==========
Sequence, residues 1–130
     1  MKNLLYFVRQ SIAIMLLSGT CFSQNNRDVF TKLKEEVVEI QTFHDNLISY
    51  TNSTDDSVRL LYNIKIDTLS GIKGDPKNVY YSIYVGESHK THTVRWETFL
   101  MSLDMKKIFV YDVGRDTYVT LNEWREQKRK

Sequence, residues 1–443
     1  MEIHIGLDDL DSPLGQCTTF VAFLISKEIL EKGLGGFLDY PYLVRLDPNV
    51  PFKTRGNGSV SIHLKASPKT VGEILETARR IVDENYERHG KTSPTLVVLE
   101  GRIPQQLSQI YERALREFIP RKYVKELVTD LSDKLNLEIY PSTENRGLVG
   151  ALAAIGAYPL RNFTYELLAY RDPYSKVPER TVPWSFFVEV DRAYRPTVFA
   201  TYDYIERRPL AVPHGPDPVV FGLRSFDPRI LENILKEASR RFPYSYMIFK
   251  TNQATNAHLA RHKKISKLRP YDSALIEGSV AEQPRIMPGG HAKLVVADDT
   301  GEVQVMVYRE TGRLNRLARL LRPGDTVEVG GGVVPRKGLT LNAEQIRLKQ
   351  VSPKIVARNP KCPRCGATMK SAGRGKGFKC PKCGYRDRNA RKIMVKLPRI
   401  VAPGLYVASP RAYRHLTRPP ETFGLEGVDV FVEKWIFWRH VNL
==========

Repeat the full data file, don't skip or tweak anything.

Sequence, residues 1–130
     1  MKNLLYFVRQ SIAIMLLSGT CFSQNNRDVF TKLKEEVVEI QTFHDNLISY
    51  TNSTDDSVRL LYNIKIDTLS GIKGDPKNVY YSIYVGESHK THTVRWETFL
   101  MSLDMKKIFV YDVGRDTYVT LNEWREQKRK

Sequence, residues 1–443
     1  MEIHIGLDDL DSPLGQCTTF VAFLISKEIL EKGLGGFLDY PYLVRLDPNV
    51  PFKTRGNGSV SIHLKASPKT VGEILETARR IVDENYERHG KTSPTLVVLE
   101  GRIPQQLSQI YERALREFIP RKYVKELVTD LSDKLNLEIY PSTENRGLVG
   151  ALAAIGAYPL RNFTYELLAY RDPYSKVPER TVPWSFFVEV DRAYRPTVFA
   201  TYDYIERRPL AVPHGPDPVV FGLRSFDPRI LENILKEASR RFPYSYMIFK
   251  TNQATNAHLA RHKKISKLRP YDSALIEGSV AEQPRIMPGG HAKLVVADDT
   301  GEVQVMVYRE TGRLNRLARL LRPGDTVEVG GGVVPRKGLT LNAEQIRLKQ
   351  VSPKIVARNP KCPRCGATMK SAGRGKGFKC PKCGYRDRNA RKIMVKLPRI
   401  VAPGLYVASP RAYRHLTRPP ETFGLEGVDV FVEKWIFWRH VNL